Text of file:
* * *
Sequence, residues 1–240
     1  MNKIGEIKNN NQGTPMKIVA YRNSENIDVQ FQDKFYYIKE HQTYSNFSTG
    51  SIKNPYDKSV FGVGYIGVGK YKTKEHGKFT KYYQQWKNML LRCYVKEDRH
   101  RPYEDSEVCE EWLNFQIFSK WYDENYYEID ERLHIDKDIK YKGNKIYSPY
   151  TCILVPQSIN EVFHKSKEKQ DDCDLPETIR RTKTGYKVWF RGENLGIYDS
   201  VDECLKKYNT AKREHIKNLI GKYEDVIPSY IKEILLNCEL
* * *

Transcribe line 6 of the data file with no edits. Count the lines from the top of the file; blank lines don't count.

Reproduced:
   201  VDECLKKYNT AKREHIKNLI GKYEDVIPSY IKEILLNCEL